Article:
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Managing Your Money


Business Section

 

Note Brokering: Harder Than it Sounds

By Jane Bryant Quinn
Thursday, June 18, 1998

NEW YORK – If you catch get-rich shows on television, you may have seen "Millionaires on the Road." It tells you how easy it is to make money in a business known as "discounted notes."

Just attend a free workshop, a TV show croons. There, a pitchman will plug a five-day, $5,995 course at the Diversified Cash Flow Institute (DCFI), with dapper money guru Larry Pino. You're told you'll learn "three easy steps" that will "change your life."

That sounded just fine to my associate, Temma Ehrenfeld, who – in pursuit of a story – was willing to risk becoming a millionaire. She attended a course in Austin, Tex., in March 1997.

We waited 15 months, to give Pino's students time to put their lessons to work. Then we asked them how they were doing. Not well, as far as we could learn.

In the cash-flow or discounted note business, you buy and sell streams of future payments due. Here's an example of what that means.

Say that someone buys your house but can't afford the down payment. You agree to take monthly installments over a certain number of years, and receive a note outlining the payment terms. That note can be sold to an investor for something less than its face value. You'd get cash. The investor would get the remaining payments due.

Cash-flow gurus urge you to start a business brokering these kinds of deals. A broker sniffs around for people holding notes they might want to sell, then takes those notes to an investor. If the transaction closes, the broker earns a commission.

Pino, 46, a lawyer in Orlando, Fla., describes himself as an "exceptional business trainer." His seminar experience goes back to 1983 – not always in the best of company.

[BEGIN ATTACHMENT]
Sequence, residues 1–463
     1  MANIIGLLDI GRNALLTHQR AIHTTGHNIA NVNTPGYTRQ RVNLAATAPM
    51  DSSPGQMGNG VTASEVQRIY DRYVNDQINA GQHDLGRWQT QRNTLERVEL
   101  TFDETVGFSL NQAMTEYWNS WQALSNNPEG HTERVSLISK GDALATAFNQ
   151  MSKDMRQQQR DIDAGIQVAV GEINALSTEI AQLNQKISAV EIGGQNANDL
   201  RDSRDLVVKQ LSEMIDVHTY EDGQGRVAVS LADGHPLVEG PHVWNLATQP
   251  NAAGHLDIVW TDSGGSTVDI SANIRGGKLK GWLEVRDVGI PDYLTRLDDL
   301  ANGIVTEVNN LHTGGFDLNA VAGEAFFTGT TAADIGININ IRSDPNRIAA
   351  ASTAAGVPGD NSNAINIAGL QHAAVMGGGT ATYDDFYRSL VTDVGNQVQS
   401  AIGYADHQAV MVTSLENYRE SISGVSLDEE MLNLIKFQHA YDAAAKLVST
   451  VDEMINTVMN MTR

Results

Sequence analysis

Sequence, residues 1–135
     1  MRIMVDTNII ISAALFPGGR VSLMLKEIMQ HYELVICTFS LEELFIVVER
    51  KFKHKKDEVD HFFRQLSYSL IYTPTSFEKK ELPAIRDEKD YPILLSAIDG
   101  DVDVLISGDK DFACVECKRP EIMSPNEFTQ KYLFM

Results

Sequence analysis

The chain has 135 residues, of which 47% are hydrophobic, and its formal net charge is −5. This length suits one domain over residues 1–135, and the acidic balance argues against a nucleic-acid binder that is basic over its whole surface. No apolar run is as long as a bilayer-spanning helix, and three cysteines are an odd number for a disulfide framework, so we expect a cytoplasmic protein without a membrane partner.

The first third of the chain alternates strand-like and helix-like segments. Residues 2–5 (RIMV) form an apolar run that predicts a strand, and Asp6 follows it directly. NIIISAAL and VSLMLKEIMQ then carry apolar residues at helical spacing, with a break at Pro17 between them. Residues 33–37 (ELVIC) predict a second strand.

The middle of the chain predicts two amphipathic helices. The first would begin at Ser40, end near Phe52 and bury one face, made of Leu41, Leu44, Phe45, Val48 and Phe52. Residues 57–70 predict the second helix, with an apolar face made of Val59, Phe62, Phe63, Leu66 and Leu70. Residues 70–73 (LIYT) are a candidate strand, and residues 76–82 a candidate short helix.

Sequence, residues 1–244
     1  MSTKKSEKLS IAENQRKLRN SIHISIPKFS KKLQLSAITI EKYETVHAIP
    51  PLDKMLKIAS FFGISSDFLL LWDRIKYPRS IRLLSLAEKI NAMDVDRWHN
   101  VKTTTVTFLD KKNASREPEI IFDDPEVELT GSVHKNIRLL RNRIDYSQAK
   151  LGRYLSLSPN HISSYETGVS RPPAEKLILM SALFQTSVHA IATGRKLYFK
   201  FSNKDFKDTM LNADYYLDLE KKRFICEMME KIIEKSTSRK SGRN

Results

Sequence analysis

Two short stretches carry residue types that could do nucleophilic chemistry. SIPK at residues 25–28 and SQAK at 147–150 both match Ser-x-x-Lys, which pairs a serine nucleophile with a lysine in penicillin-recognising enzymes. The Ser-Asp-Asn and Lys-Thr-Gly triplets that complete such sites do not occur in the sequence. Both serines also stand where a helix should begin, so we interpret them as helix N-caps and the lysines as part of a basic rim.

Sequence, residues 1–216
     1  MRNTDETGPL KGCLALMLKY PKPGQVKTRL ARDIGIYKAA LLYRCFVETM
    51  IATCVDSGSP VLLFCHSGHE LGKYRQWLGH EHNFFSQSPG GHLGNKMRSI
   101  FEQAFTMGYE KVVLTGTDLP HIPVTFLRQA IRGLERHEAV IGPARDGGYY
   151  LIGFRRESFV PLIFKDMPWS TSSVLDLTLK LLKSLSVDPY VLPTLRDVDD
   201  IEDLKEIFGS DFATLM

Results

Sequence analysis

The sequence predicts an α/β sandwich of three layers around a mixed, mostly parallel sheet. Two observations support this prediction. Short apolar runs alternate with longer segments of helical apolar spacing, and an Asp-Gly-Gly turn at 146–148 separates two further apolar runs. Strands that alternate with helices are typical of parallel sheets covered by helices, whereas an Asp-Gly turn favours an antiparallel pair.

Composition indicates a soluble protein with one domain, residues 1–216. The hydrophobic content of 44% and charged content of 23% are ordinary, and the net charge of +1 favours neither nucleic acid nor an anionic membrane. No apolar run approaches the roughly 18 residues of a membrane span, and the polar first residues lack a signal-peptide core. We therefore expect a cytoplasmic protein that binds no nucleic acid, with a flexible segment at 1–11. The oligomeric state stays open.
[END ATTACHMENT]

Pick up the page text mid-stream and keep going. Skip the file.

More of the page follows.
He first lectured for huckster Charles J. Givens Jr., who ran some dubious financial-planning organizations. In 1993 and again in 1996, juries decided that Givens had committed fraud. Later, Pino taught for Dave Del Dotto, an earlier popularizer of "cash flow," who settled an FTC action in 1996 with a $200,000 fine. (Del Dotto went bankrupt; the FTC says he never paid).

Pino himself was reprimanded by the Florida Bar Association in 1988 for misusing an investor's funds.

Pino says his past seminar associations shouldn't be held against him. "I was just hired to come and teach," he says. "I learned from them what not to do." He calls the Florida matter "a regrettable error," and says he paid the money back.

Pino's successful students – or those who hope to be – think he's the best thing since Post-it Notes. His infomercial glows with testimonials.

But what about the 32 people who studied with Ehrenfeld? Some couldn't be found for a follow-up; others didn't answer her calls. Of the 18 who replied, only one had any deals – two small ones that paid $300 and $750.

Five other students were working at the business, unsuccessfully so far. Two tried, then "moved on," as they put it. Six have done nothing with their expensive course, although they harbor fantasies of success. Four quickly concluded that they'd wasted their time and money.

The question about Pino's courses, and others like it, is the sales pitch. Does it give a true picture of what it takes for success? Or does it prey on people's innocent hopes?

Pros in the field say that note brokering isn't as easy as Pino's TV show makes it sound. Work "when you want, where you want, how many hours you want," the infomercial promises, over pictures of golf and foreign travel. But people who are succeeding told us that they're working 50 to 70 hours a week and couldn't earn a living part time.

Pino claims there's "limited competition" for deals. That's baloney, replies Ed Burris, who used to work for Metropolitan Mortgage, a major note investor headquartered in Spokane, Wash. "There's lots of competition. Pick up any newspaper and you will see the ads." Burris says he had close to 1,000 brokers on his list. Most did one transaction and never returned.

If you think you might have the skills to be a note broker, check it out free at two Web sites: www.papersourceonline.com or www.noteworthyusa.com. For a low-cost start, try the $65, two-tape lecture and book, "How to Start a Discounted Note Business," by Jon Richards, available through either site. The next step might be Richards' 18-hour, "Profits in Discounted Notes," $495, followed by hands-on courses available at a fraction of Pino's price.

Pino explains the business, too, but wannabes should start small. They're less likely to break their bank accounts, or their hearts.

Jane Bryant Quinn welcomes letters on money issues and problems but cannot offer individual financial advice.

© Copyright 1998 Washington Post Writer's Group

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